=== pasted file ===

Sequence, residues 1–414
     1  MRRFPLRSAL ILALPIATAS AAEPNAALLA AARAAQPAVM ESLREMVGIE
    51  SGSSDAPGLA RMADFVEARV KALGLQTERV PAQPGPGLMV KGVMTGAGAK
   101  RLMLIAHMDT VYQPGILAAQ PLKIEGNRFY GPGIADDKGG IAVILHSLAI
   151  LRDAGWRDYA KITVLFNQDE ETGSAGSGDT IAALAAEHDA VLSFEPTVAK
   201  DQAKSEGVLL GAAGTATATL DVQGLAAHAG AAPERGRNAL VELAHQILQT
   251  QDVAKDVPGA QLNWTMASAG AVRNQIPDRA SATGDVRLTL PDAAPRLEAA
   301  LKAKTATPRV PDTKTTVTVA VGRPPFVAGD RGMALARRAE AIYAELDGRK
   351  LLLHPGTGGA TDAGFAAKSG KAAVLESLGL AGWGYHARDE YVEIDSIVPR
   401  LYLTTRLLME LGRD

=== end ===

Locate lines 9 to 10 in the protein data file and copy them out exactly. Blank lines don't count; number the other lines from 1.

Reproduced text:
   351  LLLHPGTGGA TDAGFAAKSG KAAVLESLGL AGWGYHARDE YVEIDSIVPR
   401  LYLTTRLLME LGRD